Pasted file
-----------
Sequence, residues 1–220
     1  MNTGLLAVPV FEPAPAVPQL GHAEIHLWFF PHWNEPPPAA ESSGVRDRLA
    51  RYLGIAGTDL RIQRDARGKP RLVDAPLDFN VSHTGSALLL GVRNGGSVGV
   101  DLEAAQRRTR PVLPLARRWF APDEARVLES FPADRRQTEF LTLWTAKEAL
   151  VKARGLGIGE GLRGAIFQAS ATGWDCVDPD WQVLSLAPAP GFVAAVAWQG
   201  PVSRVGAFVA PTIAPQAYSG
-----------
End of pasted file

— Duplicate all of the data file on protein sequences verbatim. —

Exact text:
Sequence, residues 1–220
     1  MNTGLLAVPV FEPAPAVPQL GHAEIHLWFF PHWNEPPPAA ESSGVRDRLA
    51  RYLGIAGTDL RIQRDARGKP RLVDAPLDFN VSHTGSALLL GVRNGGSVGV
   101  DLEAAQRRTR PVLPLARRWF APDEARVLES FPADRRQTEF LTLWTAKEAL
   151  VKARGLGIGE GLRGAIFQAS ATGWDCVDPD WQVLSLAPAP GFVAAVAWQG
   201  PVSRVGAFVA PTIAPQAYSG